Arranging key modules 31
Cart block 33
Time for action – installing the shopping cart module 33
What goes on your home page? 34
Unique Selling Proposition (USP) 34
Time for action – how to add your content to your home page 35
Secure payment 38
Time for action – using the content management system 38
Moving modules around 39
Time for action – moving modules 39
Time for action – changing the default image size 41
PrestaShop themes 41
Finding themes 42
Choosing a great theme 42
Installing the themes 43
Time for action – installing a PrestaShop theme 43
Customizing your template 44
Important preliminary point 44
Time for action – creating a new template 45
Editing your CSS file 45
Background color 47
Font size 47
Themes summary 47
Time for action – uploading your company/store logo 48
Advanced parameters and administration 49
Time for action – making a customer account 50
Permanent links block 51
Creating the “must have” pages 51
Legal notice 52
Terms and conditions 52
About us 52
Contacting your store 52
Time for action – creating departments to contact 53
Multistore feature 53
Downloadable products 54
Table of Contents
[ iii ]
Are you an existing user of osCommerce? Let’s import it to PrestaShop 54
Chapter 3: Merchandising for Success 55
Shop categories 55
Planning your category structure 56
Creating your categories 57
Time for action – how to create product categories 57
Creating content for your categories and subcategories 60
Time for action – adding category descriptions 60
Adding products 61
Product descriptions that sell 61
Actually selling the product 62
Ask for the sale 63
Create some images with GIMP 63
Time for action – how to add a product to PrestaShop 63
Highlighting products 66
New products 67
Time for action – how to highlight your newest products 67
Time for action – creating a special offer 67
Recently viewed 69
Best sellers 69
Time for action – creating an accessory 70
Time for action – using PrestaShop's features 72
Time for action – an attributes example 74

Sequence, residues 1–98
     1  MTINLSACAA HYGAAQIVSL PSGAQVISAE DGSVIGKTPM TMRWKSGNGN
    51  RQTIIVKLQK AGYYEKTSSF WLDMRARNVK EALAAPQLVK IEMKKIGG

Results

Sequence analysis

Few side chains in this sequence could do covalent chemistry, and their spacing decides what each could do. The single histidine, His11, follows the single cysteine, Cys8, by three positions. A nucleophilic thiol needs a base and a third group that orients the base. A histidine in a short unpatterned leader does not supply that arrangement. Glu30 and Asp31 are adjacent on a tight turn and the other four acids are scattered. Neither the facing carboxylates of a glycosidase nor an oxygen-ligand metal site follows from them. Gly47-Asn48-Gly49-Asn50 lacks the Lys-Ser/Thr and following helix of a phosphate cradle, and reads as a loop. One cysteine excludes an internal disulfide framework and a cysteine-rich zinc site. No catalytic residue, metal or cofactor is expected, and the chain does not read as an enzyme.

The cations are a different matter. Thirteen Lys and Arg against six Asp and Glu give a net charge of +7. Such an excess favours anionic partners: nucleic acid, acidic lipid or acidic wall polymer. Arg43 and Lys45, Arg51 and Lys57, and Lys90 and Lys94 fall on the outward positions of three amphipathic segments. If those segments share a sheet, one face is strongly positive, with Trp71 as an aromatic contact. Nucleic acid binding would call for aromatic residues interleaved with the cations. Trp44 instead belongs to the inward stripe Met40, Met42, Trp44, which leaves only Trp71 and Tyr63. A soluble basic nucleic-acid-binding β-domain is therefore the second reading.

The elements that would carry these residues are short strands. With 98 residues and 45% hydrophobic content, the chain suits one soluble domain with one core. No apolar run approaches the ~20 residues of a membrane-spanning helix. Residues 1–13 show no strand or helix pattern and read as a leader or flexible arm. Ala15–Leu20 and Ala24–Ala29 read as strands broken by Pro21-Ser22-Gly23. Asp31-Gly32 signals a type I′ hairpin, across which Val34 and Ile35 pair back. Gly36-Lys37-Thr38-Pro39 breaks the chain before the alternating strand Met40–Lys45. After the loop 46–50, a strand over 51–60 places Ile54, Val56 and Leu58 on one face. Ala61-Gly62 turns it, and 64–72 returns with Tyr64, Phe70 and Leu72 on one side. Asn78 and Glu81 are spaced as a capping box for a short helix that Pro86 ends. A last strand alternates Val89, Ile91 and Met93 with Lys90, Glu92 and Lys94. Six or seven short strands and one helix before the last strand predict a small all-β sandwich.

Time for action – allowing your customers to customize 77
Product mania! 77
Chapter 4: Getting More Customers 79
SEO: Search Engine Optimization 80
Which keywords should we use? 80
Discovering the value of keywords 81
Meta tags 81
Types of meta tags 81
Time for action – PrestaShop meta tags 82
Tag clouds 83
Table of Contents
[ iv ]
Time for action – creating a tag cloud 84
Friendly URLs 84
Time for action – how to get search-friendly URLs 84
Canonical URLs 85
Time for action – choosing your canonical URL 86
Writing and displaying articles 86
Good ideas when writing articles 86
Make your articles easy to read 86
Think about your audience 87
Sell, but sell subtly 87
Page formatting and keyword density 87
How many times should the keywords/phrases be used? 88
Quick tips 89
Writing the summary 89
Using the CMS 89
Time for action – creating the article 90
Time for action – creating robots.txt 92
Helping Google with sitemaps 93
Time for action – Google sitemaps tutorial 93
PrestaShop search weightings 93
Switching languages 96
Time for action – enabling a second language 96
Creating translations 97
Time for action – translating product descriptions 98
Time for action – translating your whole website 99
Languages conclusion 99
Chapter 5: Tools, Newsletters, Extra Income, and Statistics 101
Exploring the Preferences tab 102
Useful preferences 102
Cart redisplay at login 102
Store contacts 102
Time for action – customizing your tabs 104
Quick access 105
Table of Contents
[ v ]
Time for action – creating a Quick access 106
E-mail marketing with newsletters 107
Most people don't buy! 108
The stages of e-mail marketing 109
Setting up the newsletter module 109
Time for action – the newsletter module 109
Switching on product notifications 110
Time for action – product notifications 110
Powerful newsletter modules 111
Building a big list of subscribers 111
Understanding what a newsletter is 111
Offering more via e-mail 112
Creating newsletters 112
Product information 112
Genuine news 112
Designing your newsletters 112
Sending newsletters 113
A quick word about spam 113
Using a PrestaShop module to send newsletters 113
Using your web host to send newsletters 114
A dedicated e-mail service provider to send newsletters 114
A free e-mail system to send newsletters 114
Getting your subscriber list 114
Time for action – accessing your e-mail list 115
Setting up Google AdSense in PrestaShop 116
Time for action – installing Google AdSense 116
Setting up PrestaShop statistics 117
Graph and grid engines 118
Statistics modules 118
Time for action – setting up statistics engines and modules 118
Exploring the statistics options 119
Installing Google Analytics 120
Getting a Google Analytics account 120
Time for action – installing Google Analytics 120
Using Google Analytics 121
Chapter 6: Security and Disaster Recovery 123
Types of attacks 124
Common sense issues 124
Brute force 124
SQL injection attack 124
Table of Contents
[ vi ]
Cross-site scripting 124
User error 124
Employees and user security 125
Time for action – creating users 126
Time for action – creating profiles 127
Permissions and their levels 128
Time for action – configuring permissions to profiles 128
SSL – Secure Sockets Layer 130
Shared SSL, dedicated SSL, or no SSL 131
Setting up SSL in PrestaShop 132
Time for action – setting up SSL in PrestaShop 132
Making a copy of your store 132